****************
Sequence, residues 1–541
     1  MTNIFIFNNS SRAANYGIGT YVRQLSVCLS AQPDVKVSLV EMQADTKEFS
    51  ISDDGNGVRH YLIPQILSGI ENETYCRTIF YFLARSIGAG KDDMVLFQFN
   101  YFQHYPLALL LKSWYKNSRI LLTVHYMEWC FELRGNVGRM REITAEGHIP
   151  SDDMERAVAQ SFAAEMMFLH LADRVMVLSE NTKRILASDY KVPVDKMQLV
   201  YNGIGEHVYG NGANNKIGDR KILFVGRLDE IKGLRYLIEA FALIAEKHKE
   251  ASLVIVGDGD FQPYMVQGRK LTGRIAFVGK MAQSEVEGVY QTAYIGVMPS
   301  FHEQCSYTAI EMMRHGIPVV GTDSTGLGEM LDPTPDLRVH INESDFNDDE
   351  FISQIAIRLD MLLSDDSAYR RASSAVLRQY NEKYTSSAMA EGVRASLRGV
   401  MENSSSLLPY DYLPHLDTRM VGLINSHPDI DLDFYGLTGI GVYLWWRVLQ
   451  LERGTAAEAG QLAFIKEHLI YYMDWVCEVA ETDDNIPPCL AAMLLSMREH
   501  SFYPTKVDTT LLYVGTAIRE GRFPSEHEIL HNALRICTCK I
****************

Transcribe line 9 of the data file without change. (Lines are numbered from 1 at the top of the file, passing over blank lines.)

   351  FISQIAIRLD MLLSDDSAYR RASSAVLRQY NEKYTSSAMA EGVRASLRGV